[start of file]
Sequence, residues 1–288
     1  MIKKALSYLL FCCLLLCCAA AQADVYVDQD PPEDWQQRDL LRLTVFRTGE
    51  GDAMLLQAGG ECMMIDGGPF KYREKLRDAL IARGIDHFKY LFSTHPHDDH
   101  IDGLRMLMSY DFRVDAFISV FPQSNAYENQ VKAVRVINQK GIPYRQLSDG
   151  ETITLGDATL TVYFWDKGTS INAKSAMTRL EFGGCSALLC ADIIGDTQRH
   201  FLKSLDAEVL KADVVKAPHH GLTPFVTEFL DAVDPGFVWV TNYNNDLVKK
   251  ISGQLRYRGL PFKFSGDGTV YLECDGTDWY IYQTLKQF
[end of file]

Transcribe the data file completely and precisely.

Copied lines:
Sequence, residues 1–288
     1  MIKKALSYLL FCCLLLCCAA AQADVYVDQD PPEDWQQRDL LRLTVFRTGE
    51  GDAMLLQAGG ECMMIDGGPF KYREKLRDAL IARGIDHFKY LFSTHPHDDH
   101  IDGLRMLMSY DFRVDAFISV FPQSNAYENQ VKAVRVINQK GIPYRQLSDG
   151  ETITLGDATL TVYFWDKGTS INAKSAMTRL EFGGCSALLC ADIIGDTQRH
   201  FLKSLDAEVL KADVVKAPHH GLTPFVTEFL DAVDPGFVWV TNYNNDLVKK
   251  ISGQLRYRGL PFKFSGDGTV YLECDGTDWY IYQTLKQF